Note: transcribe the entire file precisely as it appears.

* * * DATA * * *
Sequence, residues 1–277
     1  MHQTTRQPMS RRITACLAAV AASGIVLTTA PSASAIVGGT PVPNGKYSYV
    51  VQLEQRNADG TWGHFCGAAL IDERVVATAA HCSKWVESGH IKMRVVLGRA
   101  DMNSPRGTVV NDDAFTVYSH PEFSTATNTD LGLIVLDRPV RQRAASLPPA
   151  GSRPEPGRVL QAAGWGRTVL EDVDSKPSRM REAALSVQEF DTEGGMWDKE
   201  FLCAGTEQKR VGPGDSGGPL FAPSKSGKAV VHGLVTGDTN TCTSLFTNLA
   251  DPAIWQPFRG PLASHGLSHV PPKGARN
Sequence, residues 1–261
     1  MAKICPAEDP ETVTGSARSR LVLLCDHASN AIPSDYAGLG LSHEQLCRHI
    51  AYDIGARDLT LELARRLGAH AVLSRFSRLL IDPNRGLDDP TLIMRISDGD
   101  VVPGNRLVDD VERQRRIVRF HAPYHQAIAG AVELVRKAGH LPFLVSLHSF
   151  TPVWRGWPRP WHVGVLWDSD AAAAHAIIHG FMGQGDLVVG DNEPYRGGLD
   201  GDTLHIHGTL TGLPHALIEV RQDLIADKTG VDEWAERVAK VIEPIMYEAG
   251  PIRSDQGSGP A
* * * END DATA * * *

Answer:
Sequence, residues 1–277
     1  MHQTTRQPMS RRITACLAAV AASGIVLTTA PSASAIVGGT PVPNGKYSYV
    51  VQLEQRNADG TWGHFCGAAL IDERVVATAA HCSKWVESGH IKMRVVLGRA
   101  DMNSPRGTVV NDDAFTVYSH PEFSTATNTD LGLIVLDRPV RQRAASLPPA
   151  GSRPEPGRVL QAAGWGRTVL EDVDSKPSRM REAALSVQEF DTEGGMWDKE
   201  FLCAGTEQKR VGPGDSGGPL FAPSKSGKAV VHGLVTGDTN TCTSLFTNLA
   251  DPAIWQPFRG PLASHGLSHV PPKGARN
Sequence, residues 1–261
     1  MAKICPAEDP ETVTGSARSR LVLLCDHASN AIPSDYAGLG LSHEQLCRHI
    51  AYDIGARDLT LELARRLGAH AVLSRFSRLL IDPNRGLDDP TLIMRISDGD
   101  VVPGNRLVDD VERQRRIVRF HAPYHQAIAG AVELVRKAGH LPFLVSLHSF
   151  TPVWRGWPRP WHVGVLWDSD AAAAHAIIHG FMGQGDLVVG DNEPYRGGLD
   201  GDTLHIHGTL TGLPHALIEV RQDLIADKTG VDEWAERVAK VIEPIMYEAG
   251  PIRSDQGSGP A